The death has been announced of Abbé Pierre, the Catholic priest who abandoned wealth to campaign for the homeless in France. He was 94.
His death was announced by President Jacques Chirac who said France had lost 'an immense figure, a conscience, a man who personified goodness'.
Abbé Pierre was passionately committed to caring for the outcasts of the affluent society and became one of France's most admired men.
Born in 1912, the fifth child of a Lyon silk merchant, Henri-Antoine Groues gave up his family wealth to become a monk.
He took the nickname Abbé Pierre during World War II when he was a resistance chaplain and forged ID papers to smuggle refugees out of France.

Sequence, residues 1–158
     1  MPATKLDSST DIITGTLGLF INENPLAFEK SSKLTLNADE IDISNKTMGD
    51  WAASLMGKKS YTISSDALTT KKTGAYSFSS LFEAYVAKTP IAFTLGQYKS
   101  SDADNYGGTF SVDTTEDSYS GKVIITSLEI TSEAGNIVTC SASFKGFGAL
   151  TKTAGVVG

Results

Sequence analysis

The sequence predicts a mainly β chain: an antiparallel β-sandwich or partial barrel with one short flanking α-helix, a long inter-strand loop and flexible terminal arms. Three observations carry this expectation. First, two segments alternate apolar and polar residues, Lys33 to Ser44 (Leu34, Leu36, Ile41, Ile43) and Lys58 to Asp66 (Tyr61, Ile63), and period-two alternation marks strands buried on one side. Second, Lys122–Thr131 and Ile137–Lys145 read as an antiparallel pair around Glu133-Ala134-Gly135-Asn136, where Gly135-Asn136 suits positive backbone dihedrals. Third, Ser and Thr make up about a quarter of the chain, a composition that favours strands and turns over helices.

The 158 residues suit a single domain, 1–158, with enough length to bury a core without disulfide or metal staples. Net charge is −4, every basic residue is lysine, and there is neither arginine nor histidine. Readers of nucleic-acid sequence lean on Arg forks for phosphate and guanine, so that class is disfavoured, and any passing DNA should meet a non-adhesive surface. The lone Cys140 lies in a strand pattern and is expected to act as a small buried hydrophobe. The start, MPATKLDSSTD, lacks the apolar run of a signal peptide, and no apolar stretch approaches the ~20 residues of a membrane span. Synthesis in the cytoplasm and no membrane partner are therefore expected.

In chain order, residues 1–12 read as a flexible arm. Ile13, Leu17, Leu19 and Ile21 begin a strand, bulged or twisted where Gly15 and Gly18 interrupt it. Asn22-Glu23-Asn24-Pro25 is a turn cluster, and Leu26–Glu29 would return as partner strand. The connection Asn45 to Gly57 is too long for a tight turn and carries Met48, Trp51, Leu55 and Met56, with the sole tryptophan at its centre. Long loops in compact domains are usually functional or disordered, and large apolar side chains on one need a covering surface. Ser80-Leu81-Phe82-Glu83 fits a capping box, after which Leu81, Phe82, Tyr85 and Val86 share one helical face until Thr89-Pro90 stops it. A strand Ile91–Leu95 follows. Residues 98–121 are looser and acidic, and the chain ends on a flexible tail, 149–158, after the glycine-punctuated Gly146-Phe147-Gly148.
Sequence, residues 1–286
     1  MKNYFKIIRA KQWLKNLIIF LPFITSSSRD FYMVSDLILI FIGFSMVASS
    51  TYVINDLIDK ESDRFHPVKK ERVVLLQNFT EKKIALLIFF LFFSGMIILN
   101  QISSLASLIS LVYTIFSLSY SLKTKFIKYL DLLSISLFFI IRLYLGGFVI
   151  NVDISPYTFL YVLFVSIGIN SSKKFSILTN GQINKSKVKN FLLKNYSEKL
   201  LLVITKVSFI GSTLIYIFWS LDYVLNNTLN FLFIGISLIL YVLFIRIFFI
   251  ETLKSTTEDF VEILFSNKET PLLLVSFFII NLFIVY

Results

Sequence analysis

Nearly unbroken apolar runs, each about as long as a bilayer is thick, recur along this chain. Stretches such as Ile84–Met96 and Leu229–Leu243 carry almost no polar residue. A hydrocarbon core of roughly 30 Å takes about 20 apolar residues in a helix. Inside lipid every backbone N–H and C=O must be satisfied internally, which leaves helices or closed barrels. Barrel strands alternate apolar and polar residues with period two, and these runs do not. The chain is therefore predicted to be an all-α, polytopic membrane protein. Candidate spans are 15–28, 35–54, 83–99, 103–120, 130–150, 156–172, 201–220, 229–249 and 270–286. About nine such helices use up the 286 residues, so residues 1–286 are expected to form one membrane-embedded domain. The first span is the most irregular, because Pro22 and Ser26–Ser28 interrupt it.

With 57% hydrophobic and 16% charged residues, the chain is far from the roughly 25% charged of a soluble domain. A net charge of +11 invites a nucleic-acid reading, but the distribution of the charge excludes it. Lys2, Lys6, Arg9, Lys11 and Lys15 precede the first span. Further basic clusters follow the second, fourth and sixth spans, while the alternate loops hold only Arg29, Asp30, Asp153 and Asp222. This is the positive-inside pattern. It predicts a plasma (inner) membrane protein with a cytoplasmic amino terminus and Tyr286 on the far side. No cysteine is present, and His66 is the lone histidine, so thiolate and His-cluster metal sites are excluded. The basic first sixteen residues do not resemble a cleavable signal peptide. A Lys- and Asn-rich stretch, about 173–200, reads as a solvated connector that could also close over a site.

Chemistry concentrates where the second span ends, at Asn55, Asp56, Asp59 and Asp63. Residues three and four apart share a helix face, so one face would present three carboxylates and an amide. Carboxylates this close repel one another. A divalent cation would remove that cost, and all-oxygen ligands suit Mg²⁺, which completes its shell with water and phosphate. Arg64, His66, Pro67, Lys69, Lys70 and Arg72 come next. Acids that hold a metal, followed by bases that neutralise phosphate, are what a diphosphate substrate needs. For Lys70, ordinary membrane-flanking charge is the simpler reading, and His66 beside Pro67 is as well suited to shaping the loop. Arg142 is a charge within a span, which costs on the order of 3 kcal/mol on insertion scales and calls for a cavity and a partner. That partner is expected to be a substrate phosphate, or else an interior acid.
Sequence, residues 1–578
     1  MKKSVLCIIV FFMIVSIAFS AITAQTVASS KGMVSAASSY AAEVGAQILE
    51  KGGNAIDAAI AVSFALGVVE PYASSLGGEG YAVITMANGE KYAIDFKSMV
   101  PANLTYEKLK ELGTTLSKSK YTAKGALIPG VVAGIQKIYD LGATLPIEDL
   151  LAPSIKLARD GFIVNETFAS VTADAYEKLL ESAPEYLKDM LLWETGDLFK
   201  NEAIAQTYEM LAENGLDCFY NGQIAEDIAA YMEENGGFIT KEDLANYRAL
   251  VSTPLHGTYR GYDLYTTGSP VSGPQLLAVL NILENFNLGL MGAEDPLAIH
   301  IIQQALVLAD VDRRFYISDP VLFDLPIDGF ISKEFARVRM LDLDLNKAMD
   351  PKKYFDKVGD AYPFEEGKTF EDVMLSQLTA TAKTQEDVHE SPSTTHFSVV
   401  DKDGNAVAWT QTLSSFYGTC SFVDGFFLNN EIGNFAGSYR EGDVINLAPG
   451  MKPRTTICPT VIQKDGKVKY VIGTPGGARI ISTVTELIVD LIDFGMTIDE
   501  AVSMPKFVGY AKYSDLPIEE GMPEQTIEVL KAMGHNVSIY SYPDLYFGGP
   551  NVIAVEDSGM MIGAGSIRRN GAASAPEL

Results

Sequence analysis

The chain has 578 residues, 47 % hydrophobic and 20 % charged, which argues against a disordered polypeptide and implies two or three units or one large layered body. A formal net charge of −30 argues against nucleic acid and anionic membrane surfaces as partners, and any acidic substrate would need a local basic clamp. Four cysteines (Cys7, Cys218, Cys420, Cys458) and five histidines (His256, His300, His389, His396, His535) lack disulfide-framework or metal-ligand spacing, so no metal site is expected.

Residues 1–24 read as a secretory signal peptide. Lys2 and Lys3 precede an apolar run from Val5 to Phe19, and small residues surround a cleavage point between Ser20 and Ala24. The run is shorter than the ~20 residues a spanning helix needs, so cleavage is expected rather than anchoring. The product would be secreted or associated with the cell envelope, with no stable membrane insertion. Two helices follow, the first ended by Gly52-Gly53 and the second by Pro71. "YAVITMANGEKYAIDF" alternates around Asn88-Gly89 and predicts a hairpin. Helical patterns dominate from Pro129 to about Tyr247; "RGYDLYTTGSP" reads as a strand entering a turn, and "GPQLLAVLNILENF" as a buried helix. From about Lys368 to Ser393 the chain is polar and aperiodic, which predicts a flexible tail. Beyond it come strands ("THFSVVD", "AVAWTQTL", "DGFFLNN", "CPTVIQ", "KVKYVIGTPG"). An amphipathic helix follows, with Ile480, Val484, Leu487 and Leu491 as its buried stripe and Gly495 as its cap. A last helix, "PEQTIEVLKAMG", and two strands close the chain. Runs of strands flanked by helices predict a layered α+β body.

He founded his first Emmaus community in 1949, an anti-poverty, self-help project where homeless people could collect, repair and resell second-hand furniture.
In the icy winter of 1953-54, he set up soup kitchens and persuaded authorities to open Metro stations for thousands of homeless people who risked freezing to death.
His actions that winter made him a household name.
In a 2005 book, Abbé Pierre admitted that he had broken his vow of celibacy 'on rare occasions' and called for married and female priests in the Catholic Church.